Back in 2013, this S E-Hybrid Panamera variant was crucial for the Porsche brand, not only because of the interest in Hybrid power in Porsche's core US and Chinese markets but also because of the lack of a really powerful conventional diesel alternative in a range that really needed it. Given that the 4.2-litre V8 TDI unit the company used in its Cayenne SUV from this era wouldn't fit beneath the bonnet of a first generation Panamera, buyers in this model range  seeking high performance with high frugality really needed another option - and this was it.

This S E-Hybrid used much of the hi-tech cleverness developed for Porsche's 918 Spyder hypercar. Primarily, that meant the adoption of Plug-in technology, so owners could charge this car from the mains. Plus the previous Panamera S Hybrid model's ancient nickel metal hydride battery was, with the S E-Hybrid, replaced with a hi-tech lithium-ion unit with over five times the storage capacity. That meant owners of this improved plug-in derivative could expect a decent electric-only operating range: to be specific, somewhere between 11 and 22 miles, depending on speed and conditions - which was quite a step forward given that the original version wouldn't go much more than a mile or so before its engine cut in.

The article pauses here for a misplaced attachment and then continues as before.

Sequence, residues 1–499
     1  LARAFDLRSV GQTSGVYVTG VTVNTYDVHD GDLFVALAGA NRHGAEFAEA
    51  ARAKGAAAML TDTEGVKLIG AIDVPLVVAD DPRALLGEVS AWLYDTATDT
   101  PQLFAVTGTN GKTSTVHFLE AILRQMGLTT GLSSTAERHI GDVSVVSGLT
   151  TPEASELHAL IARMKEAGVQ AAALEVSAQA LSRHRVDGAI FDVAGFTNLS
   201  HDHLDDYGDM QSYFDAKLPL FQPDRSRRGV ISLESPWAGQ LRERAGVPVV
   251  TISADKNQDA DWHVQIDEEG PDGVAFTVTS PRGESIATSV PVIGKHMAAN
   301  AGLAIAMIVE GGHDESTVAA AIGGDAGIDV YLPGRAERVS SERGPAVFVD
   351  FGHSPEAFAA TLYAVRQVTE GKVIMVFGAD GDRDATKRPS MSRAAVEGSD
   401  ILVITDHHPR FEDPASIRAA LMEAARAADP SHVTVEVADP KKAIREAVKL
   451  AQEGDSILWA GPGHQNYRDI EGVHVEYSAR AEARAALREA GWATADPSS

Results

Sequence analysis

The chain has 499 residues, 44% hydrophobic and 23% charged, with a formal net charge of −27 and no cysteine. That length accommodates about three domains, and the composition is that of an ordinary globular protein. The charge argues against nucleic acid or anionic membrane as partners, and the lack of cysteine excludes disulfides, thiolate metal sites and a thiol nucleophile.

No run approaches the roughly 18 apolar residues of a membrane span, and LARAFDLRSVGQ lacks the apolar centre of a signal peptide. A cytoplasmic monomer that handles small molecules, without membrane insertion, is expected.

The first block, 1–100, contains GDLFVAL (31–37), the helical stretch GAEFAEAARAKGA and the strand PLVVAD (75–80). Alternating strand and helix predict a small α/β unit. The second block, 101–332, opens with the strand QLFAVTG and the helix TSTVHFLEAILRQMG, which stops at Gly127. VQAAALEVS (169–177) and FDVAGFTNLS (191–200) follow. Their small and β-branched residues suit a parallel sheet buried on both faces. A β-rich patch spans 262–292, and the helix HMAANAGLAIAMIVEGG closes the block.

But the petrol/electric Plug-in Panamera doesn't only focus on frugality. Its battery boosts performance too, aided by a 95bhp electric motor that's over twice as powerful as that of the old 'S Hybrid' model. What wasn't changed was the 333bhp Audi-sourced 3.0-litre supercharged V6 petrol engine it was paired with, the two working together to create a combined system power output of 416bhp, accessed via four selectable operating modes - E-Power, Hybrid, E-Charge and Sport. Unless the temperature's below freezing or you've forgotten to charge the car up, you'll always be starting off in electric-only 'E-Power', in which near-silent guise the car is capable of an impressive maximum speed of as much as 84mph. When the battery range is used up or you need to use the kickdown for rapid acceleration, the car will automatically switch to petrol/electric 'Hybrid' mode, a setting you might also want to switch to early if, for example, you want to save the battery charge for some city driving later on in your trip. Mind you, that may not be necessary thanks to the clever 'E-Charge' option which can charge that battery as you drive. Finally, there's the 'Sport' mode which harnesses the power of the petrol engine with the full boost of the electric motor to spirit this two-tonne luxury sports Gran Turismo to 62mph in just 5.5s en route to 168mph.

Enough with what lies beneath the bonnet: we need to talk more about the driving experience. This was always intended to be a more dynamic choice in the Luxury segment, a four-door sportscar that happened to be able to seat a quartet of passengers in comfort. Porsche's perspective was that if that was the case, it was hardly reasonable for buyers to expect it to ride like a Rolls Royce. Behind the scenes though, their engineers put a lot of work into getting the ride of this car a little closer to customer expectations in this sector. Hence a range of suspension tweaks which meant that this Panamera's ride at low speed over poor surfaces proved to be significantly better than it was before.